Hands on: PlayStation Now game streaming
It works! That’s the biggest compliment you could pay the newly revealed PlayStation Now game streaming service formally unveiled at CES 2014. Set to roll out in the US this summer on PS3 and PS4, followed by PS Vita and an array of internet connected devices such as 2014 BRAVIA TVs (see here for more information on the EU launch), PS Now will enable users to stream a library of PS3 titles in real time over the internet.
At the show, gaming media went hands-on with PS Now across two devices, a 2014 BRAVIA TV and a PS Vita. The test drive featured four titles — Beyond: Two Souls, God of War: Ascension, The Last of Us, and Puppeteer. And across the board, the experience was encouraging. PS Now’s advantage lies into its immediacy and access; the ability to hop easily between multiple games across a host of devices without downloading huge files or swapping Blu-ray discs represents a major evolution of the medium.
On the BRAVIA, I picked up the DualShock 3 and launched into The Last of Us, Naughty Dog‘s award-winning survival drama. Following a brief loading screen, I loaded an early scenario set in the ruins of Boston. So far, so good: the experience looked and felt faithful to playing the game locally on a PS3. I crept through abandoned skyscrapers, evaded marauding Clickers, and engaged in bareknuckle beatdown against a mob of Infected.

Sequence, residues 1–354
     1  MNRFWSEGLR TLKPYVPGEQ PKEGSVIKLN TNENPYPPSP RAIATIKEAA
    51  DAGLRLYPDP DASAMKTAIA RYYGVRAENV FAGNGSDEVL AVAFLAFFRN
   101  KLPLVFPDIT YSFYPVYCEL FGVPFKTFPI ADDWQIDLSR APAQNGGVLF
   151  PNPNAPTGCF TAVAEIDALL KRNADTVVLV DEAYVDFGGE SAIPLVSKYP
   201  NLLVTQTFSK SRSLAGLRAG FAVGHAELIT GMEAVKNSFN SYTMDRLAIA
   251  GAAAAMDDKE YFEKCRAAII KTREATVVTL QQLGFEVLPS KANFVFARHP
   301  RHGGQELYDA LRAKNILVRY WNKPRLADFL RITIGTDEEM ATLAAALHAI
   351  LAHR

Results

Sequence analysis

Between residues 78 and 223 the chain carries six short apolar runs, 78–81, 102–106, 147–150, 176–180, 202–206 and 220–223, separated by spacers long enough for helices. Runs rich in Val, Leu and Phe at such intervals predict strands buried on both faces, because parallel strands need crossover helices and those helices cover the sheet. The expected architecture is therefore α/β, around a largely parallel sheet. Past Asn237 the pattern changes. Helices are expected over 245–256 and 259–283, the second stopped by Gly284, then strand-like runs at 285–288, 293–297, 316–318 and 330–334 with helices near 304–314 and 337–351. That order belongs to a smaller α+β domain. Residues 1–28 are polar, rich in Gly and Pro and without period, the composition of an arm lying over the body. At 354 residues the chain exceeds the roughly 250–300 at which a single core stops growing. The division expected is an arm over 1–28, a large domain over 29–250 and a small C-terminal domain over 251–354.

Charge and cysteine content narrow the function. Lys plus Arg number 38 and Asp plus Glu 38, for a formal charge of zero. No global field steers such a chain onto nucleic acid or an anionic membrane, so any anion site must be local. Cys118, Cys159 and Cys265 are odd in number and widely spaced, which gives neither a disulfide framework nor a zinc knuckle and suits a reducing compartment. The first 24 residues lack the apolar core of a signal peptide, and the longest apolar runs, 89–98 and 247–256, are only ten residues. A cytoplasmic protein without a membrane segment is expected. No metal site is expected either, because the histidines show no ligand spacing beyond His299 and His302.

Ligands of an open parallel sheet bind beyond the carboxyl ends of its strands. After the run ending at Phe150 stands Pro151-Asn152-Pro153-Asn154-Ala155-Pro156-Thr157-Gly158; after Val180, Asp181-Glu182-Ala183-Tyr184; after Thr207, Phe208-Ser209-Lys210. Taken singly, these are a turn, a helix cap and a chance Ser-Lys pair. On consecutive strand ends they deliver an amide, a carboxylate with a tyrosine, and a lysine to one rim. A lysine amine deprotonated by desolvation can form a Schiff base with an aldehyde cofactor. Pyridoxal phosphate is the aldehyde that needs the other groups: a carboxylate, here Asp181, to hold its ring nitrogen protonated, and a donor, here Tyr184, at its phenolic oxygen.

In the test demo I played on both the BRAVIA and PS Vita, gameplay latency was a non-issue. I had no trouble maneuvering the camera, aiming at enemies, or fending off incoming attacks. In fact, after a few minutes of play I forgot that I was “streaming a game” — I was just getting absorbed in playing The Last of Us. I also fired up Puppeteer and God of War: Ascension, and the experience was similarly convincing.
At this early stage of PS Now’s development, pixel counters and graphics aficionados might spot some minor concessions in the visual department, such as compression artifacts, consistent with high-quality internet video or gameplay streamed via PS Vita Remote Play.
And as with all bandwidth-intensive streaming content, a player’s experience with PS Now will depend on the overall quality of the broadband internet connection. The PS Now team is currently estimating that a 5 mbps connection will provide a good experience for most game, and they’ll be gathering user feedback during the closed beta before announcing more details.
There are still plenty of details we don’t know about the service that will surely be revealed as we get closer to its launch. But for now, as far as first impressions go, PS Now is looking promising indeed.